US AID BUDGET CUTS, SIGNS OF THE TIMES!
Erle Frayne D. Argonza
Overall budget appropriation pattern in the US Congress has shown an increasing cuts of aid to other countries. The US $4 Billions given each to Egypt and Israel were squeezed down a mere $3 Billions for both countries.
The rationale given by the mentally bankrupt US legislators is that priority for allocations should be domestic needs rather than those that fit foreign relations matters. Isolationism is creeping inside legislators more so the House of Representatives or ‘lower house’. In US institutional history, the term ‘lower house’ was used to label the House of Representatives to signify the low level of wisdom and competence of its members relative to the Senate.
Signs of the times, isn’t it? US hegemonism on the global terrain is now crashing down in a context that is increasingly moving toward multipolar power arrangement. Domestic demands for larger money inputs is ever rising at exponential rates while the debt levels are sucking down financial resources intended for more productive uses (pump priming) and social welfare.
Below is an analytical piece about the subject culled from the New York Times.
[Philippines, 16 November 2011]
No Time to Get Stingy
Published: October 8, 2011
Spending for diplomacy and foreign aid has long been a favorite target of Congressional budget cutters. That’s truer than ever this year with the supercommittee looking for a $1.5 trillion reduction in the federal deficit. Why spend precious tax dollars overseas when the need at home is so great?
For the sake of national security, this country cannot afford to retreat from the world. Its investment in the State Department and foreign aid helps advance peace and stability by feeding starving people, providing access to doctors and medicines, opening new markets, promoting democracy, curbing nuclear arms and strengthening allies with military and economic assistance. It also gives Washington leverage.
There is a lot of public misunderstanding about foreign aid, which accounts for less than 2 percent of the federal budget. And the truth is, much of that money — too much — goes to American producers of food, medicine and weapons that are delivered abroad.
International affairs spending — on diplomats and embassies, aid to more than 100 countries and funding for the World Bank, the United Nations and others — declined after the cold war. It rose after 9/11, from about $32 billion in 2002 to $57 billion in 2010, largely because of obligations connected to the wars in Iraq and Afghanistan, aid to Pakistan and a greater investment in global health.
The trend is shifting again. As chart A shows, the budget was cut by $6 billion, or roughly 11 percent, in 2011, with a $2 billion reduction possible in 2012 if the Republican-led House prevails. The largest category of spending is direct economic aid, which supports global health programs, as well as efforts to reform economies, expand education and respond to disasters in Haiti, Japan and elsewhere. That type of spending was cut to $21 billion in 2011 from $25 billion in 2010.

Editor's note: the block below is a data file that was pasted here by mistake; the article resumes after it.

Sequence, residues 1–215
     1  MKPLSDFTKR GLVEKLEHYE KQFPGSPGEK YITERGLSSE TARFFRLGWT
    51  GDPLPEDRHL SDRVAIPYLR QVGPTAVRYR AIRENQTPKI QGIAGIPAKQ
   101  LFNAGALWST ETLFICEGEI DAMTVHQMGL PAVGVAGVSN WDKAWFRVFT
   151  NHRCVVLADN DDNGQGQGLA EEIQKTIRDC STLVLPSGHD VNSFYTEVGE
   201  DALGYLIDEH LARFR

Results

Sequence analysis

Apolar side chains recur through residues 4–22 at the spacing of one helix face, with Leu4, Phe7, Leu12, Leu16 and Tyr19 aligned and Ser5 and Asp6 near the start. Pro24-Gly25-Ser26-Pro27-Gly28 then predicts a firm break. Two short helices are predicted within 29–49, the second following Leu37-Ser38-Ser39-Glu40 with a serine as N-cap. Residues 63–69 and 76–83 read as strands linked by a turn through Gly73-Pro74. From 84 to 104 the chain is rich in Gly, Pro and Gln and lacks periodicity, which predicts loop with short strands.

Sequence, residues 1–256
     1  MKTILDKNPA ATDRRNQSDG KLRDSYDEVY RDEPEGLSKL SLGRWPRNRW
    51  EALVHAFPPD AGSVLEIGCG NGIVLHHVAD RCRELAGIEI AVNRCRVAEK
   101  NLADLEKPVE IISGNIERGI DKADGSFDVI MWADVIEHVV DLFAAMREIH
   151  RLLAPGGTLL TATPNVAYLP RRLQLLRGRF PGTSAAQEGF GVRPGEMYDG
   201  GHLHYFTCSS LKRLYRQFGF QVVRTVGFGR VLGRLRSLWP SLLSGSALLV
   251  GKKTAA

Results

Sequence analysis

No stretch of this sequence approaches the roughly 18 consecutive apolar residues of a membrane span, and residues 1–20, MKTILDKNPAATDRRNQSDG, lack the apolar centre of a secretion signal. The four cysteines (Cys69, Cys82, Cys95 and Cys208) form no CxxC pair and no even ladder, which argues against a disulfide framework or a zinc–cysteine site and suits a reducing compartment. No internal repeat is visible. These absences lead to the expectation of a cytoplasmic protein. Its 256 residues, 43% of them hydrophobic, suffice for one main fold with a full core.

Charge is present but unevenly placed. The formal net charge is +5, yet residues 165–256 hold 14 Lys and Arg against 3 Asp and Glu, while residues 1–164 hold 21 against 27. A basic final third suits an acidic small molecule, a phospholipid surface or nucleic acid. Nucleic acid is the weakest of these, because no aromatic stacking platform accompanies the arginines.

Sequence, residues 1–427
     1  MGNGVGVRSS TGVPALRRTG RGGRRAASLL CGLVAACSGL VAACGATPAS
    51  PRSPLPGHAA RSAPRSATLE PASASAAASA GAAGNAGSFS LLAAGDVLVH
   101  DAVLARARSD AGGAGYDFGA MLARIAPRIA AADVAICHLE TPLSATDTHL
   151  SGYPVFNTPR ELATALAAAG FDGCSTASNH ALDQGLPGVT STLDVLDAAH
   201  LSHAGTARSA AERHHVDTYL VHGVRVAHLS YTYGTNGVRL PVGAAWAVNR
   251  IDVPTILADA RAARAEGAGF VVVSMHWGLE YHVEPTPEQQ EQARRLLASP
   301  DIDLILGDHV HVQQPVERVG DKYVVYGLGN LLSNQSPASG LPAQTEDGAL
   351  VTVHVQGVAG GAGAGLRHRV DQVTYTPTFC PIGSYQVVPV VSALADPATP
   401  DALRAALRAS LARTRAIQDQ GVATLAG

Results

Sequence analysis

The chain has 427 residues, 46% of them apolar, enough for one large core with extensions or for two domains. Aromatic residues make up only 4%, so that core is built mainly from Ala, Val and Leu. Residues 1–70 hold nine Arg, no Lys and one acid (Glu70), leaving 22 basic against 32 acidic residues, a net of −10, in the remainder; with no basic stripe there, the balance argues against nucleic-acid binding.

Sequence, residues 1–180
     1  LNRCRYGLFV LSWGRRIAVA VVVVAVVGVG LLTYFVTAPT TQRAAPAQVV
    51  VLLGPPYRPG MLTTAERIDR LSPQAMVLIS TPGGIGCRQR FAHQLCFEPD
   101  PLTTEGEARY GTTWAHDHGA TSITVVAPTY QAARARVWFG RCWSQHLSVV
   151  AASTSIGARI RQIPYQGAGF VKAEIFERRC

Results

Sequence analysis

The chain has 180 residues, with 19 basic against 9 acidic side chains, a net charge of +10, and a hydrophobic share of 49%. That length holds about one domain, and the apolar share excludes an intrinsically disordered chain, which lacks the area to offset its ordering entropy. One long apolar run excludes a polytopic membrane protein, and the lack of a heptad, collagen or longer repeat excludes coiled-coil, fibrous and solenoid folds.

Military and security aid to fight terrorism abroad, combat drug trafficking and underwrite foreign arms purchases and military training amounted to $8 billion in 2011. Israel gets about $3 billion annually, with money also going to Egypt, Afghanistan, Iraq and Pakistan. This is one category the House would increase. The State Department’s salaries, embassy construction and security, and contributions to international institutions make up most of the rest of the budget.
At least four critical areas would suffer disproportionately from cuts proposed by the House. The Obama administration opposes those cuts and is seeking limited increases. As chart B shows, food aid, which was $1.7 billion in 2011, would fall 28 percent to $1.2 billion in the House plan. A global health initiative, which is reducing malaria in Africa and preventing the spread of H.I.V./AIDS, under that plan would lose $700 million from its $7.8 billion budget. The United States Agency for International Development (Usaid), which oversees aid programs and ensures that funds are properly spent, faces a $400 million cut — and likely staff layoffs. Money for development projects like water filtration plants would be sliced by 18 percent by the House.
Savings squeezed from the State Department and foreign aid — which together are less than a tenth of the basic Pentagon budget — would be a tiny share of the $3.8 trillion federal budget. Yet the effects would be hugely damaging to American foreign policy. Washington needs resources to support new democracy movements in Tunisia, Egypt and Libya. This is also a critical time in Iraq and Afghanistan, where demands for diplomatic resources are growing. National security has always depended on more than military strength. We need diplomats to anticipate problems and find nonmilitary solutions. The drive to cut diplomatic resources and foreign aid seriously harms our ability to do just that.
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